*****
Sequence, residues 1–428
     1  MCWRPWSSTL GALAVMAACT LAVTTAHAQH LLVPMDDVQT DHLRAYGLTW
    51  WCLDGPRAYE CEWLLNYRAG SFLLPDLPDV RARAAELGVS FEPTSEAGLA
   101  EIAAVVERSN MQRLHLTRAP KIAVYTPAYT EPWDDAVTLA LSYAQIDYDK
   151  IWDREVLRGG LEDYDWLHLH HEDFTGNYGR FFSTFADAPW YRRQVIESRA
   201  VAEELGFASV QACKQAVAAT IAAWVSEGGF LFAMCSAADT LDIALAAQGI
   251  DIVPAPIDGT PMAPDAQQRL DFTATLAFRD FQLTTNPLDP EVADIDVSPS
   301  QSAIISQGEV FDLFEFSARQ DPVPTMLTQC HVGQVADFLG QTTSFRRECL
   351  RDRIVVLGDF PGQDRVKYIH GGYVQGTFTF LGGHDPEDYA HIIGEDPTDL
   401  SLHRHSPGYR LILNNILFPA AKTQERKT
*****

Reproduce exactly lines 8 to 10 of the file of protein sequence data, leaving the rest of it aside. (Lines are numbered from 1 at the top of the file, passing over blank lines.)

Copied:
   301  QSAIISQGEV FDLFEFSARQ DPVPTMLTQC HVGQVADFLG QTTSFRRECL
   351  RDRIVVLGDF PGQDRVKYIH GGYVQGTFTF LGGHDPEDYA HIIGEDPTDL
   401  SLHRHSPGYR LILNNILFPA AKTQERKT